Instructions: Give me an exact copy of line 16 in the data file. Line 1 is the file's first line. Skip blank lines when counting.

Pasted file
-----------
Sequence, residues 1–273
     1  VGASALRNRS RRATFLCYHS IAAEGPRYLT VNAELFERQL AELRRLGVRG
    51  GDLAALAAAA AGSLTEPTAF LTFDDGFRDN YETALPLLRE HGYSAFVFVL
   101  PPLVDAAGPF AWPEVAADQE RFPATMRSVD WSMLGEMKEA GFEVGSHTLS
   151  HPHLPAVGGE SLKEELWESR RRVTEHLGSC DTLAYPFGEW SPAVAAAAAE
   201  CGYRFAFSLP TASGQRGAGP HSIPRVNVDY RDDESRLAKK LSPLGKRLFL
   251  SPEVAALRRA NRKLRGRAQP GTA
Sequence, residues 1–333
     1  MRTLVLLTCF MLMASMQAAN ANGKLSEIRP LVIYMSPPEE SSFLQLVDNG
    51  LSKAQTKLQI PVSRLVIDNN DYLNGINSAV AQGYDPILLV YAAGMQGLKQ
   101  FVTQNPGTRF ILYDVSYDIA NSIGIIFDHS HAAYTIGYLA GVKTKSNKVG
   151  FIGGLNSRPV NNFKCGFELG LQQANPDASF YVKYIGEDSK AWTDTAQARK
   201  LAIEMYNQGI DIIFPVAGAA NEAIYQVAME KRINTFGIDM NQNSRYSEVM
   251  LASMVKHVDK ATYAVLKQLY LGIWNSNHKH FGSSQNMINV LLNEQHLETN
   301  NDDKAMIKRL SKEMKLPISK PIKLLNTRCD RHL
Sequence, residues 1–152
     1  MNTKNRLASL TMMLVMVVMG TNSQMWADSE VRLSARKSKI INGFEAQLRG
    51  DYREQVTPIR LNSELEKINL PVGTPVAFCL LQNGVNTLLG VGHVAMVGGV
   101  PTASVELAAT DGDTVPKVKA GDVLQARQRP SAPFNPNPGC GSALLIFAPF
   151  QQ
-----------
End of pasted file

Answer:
Sequence, residues 1–152